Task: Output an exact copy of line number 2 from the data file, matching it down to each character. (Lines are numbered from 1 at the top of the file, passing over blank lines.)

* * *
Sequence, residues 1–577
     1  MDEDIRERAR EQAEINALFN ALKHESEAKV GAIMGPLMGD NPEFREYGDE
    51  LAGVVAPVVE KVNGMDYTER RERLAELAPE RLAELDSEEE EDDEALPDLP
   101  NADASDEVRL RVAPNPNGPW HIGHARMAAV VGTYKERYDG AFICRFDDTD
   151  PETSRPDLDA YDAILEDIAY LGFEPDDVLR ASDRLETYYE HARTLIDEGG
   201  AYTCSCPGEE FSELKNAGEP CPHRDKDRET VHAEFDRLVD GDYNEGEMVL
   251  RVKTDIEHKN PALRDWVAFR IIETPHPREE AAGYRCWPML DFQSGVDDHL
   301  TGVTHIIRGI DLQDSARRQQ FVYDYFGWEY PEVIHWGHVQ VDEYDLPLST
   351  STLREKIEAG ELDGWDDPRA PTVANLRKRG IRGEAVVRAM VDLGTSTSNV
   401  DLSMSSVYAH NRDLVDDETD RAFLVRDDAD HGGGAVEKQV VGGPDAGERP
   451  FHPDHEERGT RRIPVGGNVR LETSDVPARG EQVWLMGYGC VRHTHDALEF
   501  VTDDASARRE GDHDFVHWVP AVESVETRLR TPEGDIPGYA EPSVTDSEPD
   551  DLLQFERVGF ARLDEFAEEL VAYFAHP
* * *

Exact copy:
     1  MDEDIRERAR EQAEINALFN ALKHESEAKV GAIMGPLMGD NPEFREYGDE